Healthy eating goes way beyond just weight loss.
It can also lead to significant improvements in metabolic health, and lower the risk of all sorts of chronic diseases.
Several studies have examined the effects of the Nordic diet on health markers.
In a six-month study on obese participants, a Nordic diet reduced systolic and diastolic blood pressure by 5.1 and 3.2 mmHg, respectively, compared to a control diet (1).
Another 12-week study found a significant reduction in diastolic blood pressure in participants with the metabolic syndrome (7).
Cholesterol and Triglycerides
Even though the Nordic diet is high in many heart-healthy foods, its effects on cholesterol and triglycerides are inconsistent.
However, one study found a mild reduction in the LDL-c/HDL-c ratio and the Apo B/Apo A1 ratio, as well as non-HDL cholesterol, which are all strong risk factors for heart disease (2).
Blood Sugar Control
Chronic inflammation is a major driver of many serious diseases.
Another study found that the Nordic diet reduced the expression of genes related to inflammation in the body's fat tissues (8).
Bottom Line: The Nordic diet appears to be effective for lowering blood pressure. The effects on cholesterol, blood triglycerides, blood sugar levels and inflammatory markers are weak and inconsistent.
Environmental Aspect of The Nordic Diet
Some proponents of the diet also recommend consuming organic foods.
Take Home Message
The evidence behind the Nordic diet is not particularly impressive.
It does cause short-term weight loss, and some reduction in blood pressure and inflammatory markers, but the results appear to be weak and inconsistent.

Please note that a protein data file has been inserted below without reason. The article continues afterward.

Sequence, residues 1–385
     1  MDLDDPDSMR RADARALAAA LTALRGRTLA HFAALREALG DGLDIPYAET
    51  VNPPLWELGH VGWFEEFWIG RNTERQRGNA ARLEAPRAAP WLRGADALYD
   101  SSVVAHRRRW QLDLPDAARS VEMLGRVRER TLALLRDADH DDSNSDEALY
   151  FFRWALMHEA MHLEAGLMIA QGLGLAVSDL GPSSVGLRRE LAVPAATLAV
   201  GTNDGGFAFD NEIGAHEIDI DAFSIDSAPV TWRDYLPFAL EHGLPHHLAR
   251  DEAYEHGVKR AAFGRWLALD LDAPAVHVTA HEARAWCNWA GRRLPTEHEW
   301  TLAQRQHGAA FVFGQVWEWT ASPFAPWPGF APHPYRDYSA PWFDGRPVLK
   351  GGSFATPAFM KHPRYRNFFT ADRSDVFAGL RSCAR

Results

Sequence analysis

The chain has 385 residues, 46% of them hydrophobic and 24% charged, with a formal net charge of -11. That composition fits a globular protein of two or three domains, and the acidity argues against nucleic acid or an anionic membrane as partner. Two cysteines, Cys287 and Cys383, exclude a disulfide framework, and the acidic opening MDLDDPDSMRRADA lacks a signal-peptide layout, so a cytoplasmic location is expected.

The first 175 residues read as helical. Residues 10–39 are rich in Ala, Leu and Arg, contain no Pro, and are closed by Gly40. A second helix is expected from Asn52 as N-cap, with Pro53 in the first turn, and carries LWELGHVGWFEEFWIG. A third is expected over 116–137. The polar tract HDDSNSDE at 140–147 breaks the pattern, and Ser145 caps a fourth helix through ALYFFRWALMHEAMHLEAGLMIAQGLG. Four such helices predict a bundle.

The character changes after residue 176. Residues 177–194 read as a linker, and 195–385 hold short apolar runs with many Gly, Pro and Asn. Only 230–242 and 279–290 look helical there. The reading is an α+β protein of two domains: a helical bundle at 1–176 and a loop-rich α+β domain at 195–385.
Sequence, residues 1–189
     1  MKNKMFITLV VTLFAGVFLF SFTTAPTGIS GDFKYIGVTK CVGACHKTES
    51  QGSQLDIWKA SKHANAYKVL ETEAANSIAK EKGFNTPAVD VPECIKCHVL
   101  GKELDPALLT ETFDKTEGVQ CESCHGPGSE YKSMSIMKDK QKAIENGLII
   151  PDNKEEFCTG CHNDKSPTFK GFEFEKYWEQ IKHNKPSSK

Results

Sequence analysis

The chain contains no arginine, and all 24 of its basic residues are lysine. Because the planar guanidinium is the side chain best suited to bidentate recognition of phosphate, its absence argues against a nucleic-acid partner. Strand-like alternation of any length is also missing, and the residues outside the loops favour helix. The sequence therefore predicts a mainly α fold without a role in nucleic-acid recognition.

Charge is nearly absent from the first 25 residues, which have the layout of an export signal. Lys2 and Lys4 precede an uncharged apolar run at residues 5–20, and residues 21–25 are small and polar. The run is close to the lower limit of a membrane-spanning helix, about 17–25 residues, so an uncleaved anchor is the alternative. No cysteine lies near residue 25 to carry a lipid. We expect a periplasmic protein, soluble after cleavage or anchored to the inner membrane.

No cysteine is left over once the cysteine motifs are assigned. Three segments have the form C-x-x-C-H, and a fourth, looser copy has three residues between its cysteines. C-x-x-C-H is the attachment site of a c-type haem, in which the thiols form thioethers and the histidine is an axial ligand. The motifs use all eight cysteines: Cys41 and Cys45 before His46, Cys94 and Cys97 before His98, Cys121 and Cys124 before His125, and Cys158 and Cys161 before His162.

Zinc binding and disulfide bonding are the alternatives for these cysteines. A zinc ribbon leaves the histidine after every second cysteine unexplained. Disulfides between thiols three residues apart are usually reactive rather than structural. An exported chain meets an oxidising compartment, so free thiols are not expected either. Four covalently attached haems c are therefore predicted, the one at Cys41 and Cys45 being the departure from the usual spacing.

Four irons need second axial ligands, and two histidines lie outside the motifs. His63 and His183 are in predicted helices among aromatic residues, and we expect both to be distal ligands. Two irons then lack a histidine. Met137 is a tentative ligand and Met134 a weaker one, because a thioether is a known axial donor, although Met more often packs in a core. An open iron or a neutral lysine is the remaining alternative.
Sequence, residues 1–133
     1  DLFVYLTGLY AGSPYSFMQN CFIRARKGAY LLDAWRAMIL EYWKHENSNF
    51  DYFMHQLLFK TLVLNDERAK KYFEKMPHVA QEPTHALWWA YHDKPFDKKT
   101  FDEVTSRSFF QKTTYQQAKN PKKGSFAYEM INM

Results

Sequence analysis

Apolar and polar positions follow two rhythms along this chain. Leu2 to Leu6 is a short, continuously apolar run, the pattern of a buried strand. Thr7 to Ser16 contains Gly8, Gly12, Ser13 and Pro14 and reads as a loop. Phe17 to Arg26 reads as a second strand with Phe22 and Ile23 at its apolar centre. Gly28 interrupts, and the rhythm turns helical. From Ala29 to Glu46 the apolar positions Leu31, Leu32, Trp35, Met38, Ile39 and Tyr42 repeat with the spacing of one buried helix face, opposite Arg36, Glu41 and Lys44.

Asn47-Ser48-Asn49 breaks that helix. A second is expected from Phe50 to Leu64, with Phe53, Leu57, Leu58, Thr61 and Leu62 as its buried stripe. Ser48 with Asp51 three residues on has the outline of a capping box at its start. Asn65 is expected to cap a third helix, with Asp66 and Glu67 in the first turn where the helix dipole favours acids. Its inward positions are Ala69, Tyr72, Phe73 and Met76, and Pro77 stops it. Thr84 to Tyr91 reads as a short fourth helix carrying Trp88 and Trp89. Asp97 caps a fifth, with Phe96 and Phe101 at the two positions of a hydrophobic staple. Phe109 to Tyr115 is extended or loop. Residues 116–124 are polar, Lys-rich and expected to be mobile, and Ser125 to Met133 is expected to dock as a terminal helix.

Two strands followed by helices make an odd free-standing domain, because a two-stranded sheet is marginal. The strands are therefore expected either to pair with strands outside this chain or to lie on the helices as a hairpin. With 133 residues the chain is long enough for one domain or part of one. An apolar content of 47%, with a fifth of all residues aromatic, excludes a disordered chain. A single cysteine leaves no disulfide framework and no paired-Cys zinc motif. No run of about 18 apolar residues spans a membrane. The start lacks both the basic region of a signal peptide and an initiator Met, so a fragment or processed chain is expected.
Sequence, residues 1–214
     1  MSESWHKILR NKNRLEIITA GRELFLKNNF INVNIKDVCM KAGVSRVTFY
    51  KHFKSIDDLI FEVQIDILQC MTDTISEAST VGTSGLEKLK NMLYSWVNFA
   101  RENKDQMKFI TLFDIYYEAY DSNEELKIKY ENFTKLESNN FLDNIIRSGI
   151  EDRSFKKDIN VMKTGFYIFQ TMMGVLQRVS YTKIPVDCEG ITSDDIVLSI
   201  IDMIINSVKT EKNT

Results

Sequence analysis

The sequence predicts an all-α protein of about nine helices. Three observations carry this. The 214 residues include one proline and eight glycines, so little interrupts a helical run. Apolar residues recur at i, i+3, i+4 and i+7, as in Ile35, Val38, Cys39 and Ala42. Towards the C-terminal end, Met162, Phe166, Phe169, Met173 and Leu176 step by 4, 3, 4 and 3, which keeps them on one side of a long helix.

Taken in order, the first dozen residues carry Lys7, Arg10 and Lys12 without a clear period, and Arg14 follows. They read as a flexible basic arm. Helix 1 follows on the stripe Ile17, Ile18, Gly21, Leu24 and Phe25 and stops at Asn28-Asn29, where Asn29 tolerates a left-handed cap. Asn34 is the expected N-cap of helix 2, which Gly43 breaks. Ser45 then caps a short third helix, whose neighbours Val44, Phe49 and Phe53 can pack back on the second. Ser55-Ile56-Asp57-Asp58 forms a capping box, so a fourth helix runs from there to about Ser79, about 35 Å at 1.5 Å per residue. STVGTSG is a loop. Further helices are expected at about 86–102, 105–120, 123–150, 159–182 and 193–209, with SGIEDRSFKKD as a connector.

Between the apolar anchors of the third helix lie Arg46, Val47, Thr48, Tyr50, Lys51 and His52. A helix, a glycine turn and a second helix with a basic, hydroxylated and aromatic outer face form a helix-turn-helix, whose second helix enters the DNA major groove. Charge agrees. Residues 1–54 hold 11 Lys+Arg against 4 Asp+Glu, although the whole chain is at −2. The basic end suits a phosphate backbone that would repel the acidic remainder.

At the end of the day, any diet that emphasizes real food instead of standard Western junk food is likely to lead to weight loss and health improvements.
This has been demonstrated, time and time again, in hundreds of studies on various different diets.
However, there is nothing magical about “Nordic" foods, or “eating like a viking."
The diet works because it replaces processed foods with whole, single-ingredient foods. That's it.
This article was reposted from our media associate Authority Nutrition.
YOU MIGHT ALSO LIKE
EcoWatch Daily Newsletter
Singapore will become the first country in the world to place a ban on advertisements for carbonated drinks and juices with high sugar contents, its health ministry announced last week. The law is intended to curb sugar consumption since the country has some of the world's highest diabetes rates per capita, as Reuters reported.
By Susan Cosier
First there was Fred Stone, the third-generation dairy farmer in Maine who discovered that the milk from his cows contained harmful chemicals. Then came Art Schaap, a second-generation dairy farmer in New Mexico, who had to dump 15,000 gallons of contaminated milk a day.
California Governor Gavin Newsom signed into law a bill that that bans the sale and manufacture of fur products in the state. The fur ban, which he signed into law on Saturday, prohibits Californians from selling or making clothing, shoes or handbags with fur starting in 2023, according to the AP.
By Simon Evans
During the three months of July, August and September, renewables generated an estimated total of 29.5 terawatt hours (TWh), compared with just 29.1TWh from fossil fuels, the analysis shows.